Hard for Umno leaders to remain on the fence

Hard for Umno leaders to remain on the fence
Malaysia's Prime Minister Najib Razak gives the keynote address during the United Malays National Organisation (UMNO) annual assembly at the Putra World Trade Centre in Kuala Lumpur.
PHOTO: Reuters

Umno leaders will likely have to choose sides soon in an escalation of the power struggle which has gripped the party for nearly a year.

Prime Minister Najib Razak has come out fighting against a bruising allegation of embezzling US$700 million (S$940 million) and accused former premier Mahathir Mohamad of masterminding the latest attack against him.

Datuk Seri Najib's deputy Muhyiddin Yassin has called for a wide-ranging investigation into the claims - which include at least RM42 million (S$14.9 million) of public funds - and a series of police reports have been filed by people across the political divide,

Tan Sri Muhyiddin's call for the authorities to "immediately investigate all allegations against Datuk Seri Najib" also included a public admission that there are concerns over "the integrity and credibility" of Malaysia's prime minister as the head of government.

Umno has governed Malaysia for nearly six decades since independence, but after failing to gain the popular majority vote in the 2013 General Election, analysts believe the party must quickly decide whether to stick with Mr Najib or to turn away from him in order to avoid a tougher battle at the next general election in 2018.

Tun Faisal Ismail Aziz, an adviser to the government's propaganda unit Jasa, told The Sunday Times that Umno leaders would have started taking sides, given how "desperate" Tun Dr Mahathir has become to "get rid of Najib".

Other Umno insiders say Mr Muhyiddin's statement yesterday indicated he may be veering away from staunchly supporting Mr Najib. More leaders might step away too if Mr Najib, who is Umno's president, is confirmed to have received millions of dollars in campaign funding in 2013, but did not disburse the funds to the party's divisional leaders.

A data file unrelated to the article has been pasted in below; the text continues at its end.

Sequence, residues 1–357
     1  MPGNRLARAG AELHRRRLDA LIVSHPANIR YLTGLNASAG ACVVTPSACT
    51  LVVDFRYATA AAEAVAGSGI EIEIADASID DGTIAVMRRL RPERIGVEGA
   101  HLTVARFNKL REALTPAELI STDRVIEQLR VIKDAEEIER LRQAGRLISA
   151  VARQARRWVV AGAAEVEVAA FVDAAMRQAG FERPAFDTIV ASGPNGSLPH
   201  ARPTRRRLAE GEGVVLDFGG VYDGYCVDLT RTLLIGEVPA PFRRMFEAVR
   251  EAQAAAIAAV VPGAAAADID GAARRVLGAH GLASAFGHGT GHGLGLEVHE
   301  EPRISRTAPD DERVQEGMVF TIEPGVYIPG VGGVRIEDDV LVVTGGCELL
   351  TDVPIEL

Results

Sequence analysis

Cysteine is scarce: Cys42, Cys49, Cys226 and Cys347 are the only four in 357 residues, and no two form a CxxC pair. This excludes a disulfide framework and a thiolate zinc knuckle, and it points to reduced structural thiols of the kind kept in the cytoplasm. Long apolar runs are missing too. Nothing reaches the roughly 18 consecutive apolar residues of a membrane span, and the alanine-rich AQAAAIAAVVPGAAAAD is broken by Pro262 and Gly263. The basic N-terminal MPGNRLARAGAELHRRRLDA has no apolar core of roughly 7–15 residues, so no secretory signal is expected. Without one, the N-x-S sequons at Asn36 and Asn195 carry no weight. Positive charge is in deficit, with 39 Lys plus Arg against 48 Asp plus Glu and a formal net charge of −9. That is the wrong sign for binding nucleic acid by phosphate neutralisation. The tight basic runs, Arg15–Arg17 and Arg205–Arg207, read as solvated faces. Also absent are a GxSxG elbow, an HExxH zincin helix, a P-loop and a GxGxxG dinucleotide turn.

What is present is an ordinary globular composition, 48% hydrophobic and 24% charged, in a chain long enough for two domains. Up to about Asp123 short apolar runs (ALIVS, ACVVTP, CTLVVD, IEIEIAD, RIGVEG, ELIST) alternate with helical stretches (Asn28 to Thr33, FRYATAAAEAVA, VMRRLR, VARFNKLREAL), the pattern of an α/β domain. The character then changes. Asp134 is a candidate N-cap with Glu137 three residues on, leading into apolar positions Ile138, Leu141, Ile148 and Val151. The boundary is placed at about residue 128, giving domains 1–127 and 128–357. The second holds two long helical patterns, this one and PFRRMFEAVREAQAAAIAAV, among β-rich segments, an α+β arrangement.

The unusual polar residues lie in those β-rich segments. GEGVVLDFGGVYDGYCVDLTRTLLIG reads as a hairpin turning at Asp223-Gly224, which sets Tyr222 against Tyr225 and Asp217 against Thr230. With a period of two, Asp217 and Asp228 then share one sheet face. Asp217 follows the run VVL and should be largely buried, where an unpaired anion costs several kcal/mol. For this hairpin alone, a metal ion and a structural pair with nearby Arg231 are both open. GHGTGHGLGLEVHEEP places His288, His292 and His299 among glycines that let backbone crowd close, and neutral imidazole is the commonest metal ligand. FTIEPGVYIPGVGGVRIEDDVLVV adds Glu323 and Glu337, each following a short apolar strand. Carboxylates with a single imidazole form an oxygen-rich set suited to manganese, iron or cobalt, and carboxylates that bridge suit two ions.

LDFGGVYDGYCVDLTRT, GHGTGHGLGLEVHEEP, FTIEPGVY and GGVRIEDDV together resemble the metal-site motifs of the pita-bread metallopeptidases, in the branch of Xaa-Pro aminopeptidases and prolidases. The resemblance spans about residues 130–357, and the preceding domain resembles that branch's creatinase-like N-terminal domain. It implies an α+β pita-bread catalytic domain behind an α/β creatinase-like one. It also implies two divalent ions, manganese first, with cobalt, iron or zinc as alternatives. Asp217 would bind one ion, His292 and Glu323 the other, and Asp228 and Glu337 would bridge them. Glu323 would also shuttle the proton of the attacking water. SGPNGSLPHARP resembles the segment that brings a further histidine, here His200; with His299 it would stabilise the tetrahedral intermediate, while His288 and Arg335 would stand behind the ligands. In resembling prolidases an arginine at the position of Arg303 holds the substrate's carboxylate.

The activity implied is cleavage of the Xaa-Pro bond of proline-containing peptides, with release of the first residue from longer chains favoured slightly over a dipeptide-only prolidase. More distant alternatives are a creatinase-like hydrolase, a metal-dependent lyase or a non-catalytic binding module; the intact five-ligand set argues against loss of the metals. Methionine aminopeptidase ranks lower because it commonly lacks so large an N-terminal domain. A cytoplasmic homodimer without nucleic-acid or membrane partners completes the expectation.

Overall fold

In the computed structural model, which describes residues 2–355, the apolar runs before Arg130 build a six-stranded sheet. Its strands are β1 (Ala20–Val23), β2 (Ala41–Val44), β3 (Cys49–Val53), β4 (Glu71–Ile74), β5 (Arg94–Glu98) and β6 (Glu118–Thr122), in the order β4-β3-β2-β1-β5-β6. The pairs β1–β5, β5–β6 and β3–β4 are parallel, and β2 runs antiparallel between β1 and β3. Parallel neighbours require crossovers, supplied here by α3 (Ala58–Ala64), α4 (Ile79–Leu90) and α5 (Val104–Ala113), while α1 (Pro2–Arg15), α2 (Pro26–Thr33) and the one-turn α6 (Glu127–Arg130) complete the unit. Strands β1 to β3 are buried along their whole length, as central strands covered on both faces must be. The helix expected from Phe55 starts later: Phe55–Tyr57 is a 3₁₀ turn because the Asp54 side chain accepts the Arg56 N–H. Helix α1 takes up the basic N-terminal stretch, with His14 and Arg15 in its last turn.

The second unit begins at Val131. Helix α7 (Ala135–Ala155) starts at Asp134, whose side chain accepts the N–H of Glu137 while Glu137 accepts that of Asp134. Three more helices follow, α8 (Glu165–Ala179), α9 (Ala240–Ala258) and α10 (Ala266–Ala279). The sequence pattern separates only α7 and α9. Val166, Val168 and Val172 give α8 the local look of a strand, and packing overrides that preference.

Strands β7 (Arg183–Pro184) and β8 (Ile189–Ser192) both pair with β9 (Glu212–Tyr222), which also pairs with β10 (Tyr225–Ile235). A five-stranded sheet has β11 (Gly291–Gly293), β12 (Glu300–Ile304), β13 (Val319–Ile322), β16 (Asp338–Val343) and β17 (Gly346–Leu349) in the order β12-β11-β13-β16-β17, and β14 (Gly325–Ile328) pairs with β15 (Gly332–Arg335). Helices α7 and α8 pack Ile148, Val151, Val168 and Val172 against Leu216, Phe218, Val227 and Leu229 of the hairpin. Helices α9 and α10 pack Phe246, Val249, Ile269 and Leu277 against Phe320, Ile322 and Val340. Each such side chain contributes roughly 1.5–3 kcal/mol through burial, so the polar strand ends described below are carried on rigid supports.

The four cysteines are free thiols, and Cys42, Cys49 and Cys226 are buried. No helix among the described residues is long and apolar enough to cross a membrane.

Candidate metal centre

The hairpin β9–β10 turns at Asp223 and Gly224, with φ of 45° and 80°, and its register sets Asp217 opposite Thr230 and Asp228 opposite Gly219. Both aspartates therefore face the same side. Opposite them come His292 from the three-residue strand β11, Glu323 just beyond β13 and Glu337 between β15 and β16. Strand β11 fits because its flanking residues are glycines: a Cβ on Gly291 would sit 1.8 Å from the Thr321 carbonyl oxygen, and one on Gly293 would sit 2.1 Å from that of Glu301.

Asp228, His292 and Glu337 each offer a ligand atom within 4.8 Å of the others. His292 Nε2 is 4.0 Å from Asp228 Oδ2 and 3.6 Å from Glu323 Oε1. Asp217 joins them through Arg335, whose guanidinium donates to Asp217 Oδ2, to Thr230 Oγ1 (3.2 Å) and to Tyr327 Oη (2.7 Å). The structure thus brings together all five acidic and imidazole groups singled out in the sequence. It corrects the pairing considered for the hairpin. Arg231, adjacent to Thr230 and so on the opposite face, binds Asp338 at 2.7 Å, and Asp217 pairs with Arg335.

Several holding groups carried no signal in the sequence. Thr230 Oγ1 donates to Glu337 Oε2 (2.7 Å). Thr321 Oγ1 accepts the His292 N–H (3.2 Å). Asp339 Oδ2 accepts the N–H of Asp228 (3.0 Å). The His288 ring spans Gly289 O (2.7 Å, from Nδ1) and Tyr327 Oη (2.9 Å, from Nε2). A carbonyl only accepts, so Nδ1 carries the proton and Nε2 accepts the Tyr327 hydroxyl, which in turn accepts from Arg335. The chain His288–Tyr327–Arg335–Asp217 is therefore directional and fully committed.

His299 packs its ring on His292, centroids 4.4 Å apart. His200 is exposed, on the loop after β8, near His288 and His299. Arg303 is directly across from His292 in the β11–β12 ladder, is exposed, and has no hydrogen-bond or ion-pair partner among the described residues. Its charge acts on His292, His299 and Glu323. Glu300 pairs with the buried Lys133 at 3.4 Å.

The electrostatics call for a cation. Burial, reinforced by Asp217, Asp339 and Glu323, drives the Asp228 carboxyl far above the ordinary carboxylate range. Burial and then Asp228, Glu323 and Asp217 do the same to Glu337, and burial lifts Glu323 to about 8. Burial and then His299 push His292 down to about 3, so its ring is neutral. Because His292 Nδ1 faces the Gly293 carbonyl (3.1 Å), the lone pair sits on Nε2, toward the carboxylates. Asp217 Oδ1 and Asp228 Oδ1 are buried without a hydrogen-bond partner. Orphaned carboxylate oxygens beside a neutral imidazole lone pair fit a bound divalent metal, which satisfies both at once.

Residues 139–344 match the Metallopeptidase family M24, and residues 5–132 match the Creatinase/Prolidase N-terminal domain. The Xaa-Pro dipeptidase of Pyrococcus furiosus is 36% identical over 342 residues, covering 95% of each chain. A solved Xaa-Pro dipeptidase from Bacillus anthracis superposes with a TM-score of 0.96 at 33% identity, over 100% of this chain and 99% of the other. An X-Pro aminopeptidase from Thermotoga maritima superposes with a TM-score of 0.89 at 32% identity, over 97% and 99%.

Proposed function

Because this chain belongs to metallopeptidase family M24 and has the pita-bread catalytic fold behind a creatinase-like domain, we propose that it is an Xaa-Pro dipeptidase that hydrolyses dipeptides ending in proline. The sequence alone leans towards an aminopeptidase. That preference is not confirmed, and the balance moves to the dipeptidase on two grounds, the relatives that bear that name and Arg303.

Still, Umno's party structure and Constitution make it difficult to remove a sitting president in the middle of his term - two-thirds of the 60-strong Supreme Council, or more than half the party's 191 division chiefs, are needed to call for an emergency vote.

The Sunday Times understands that concern in Umno is growing over the fact that Mr Najib has not denied the existence of the accounts, said to be in his name, in AmBank. And he has not directly denied that millions of dollars were allegedly wired to these accounts, except to say "I have never taken funds for personal gain".

Veteran opposition leader Lim Kit Siang asked if Mr Najib was "admitting that there were such deposits, but he had never taken the funds for personal gain - whatever Najib's definition of 'personal gain'?"


Some asked why Mr Najib did not just ask the central bank governor, Ms Zeti Akhtar Aziz, or AmBank to deny the fund inflow.

As one Umno MP told The Sunday Times: "Ask Zeti to deny or AmBank to deny. Nothing!"

The Wall Street Journal (WSJ) insisted yesterday that its report was sourced from solid and reliable investigation documents "shared with the Malaysian Attorney-General and... seen by the Prime Minister".

Attorney-General Abdul Gani Patail confirmed that he had received documents relating to the WSJ allegations.

As the scandal unfolds, it leaves the Umno rank-and-file with the realisation that they can ill afford to ignore the claims against their president as this would taint the entire party.


This article was first published on July 05, 2015.
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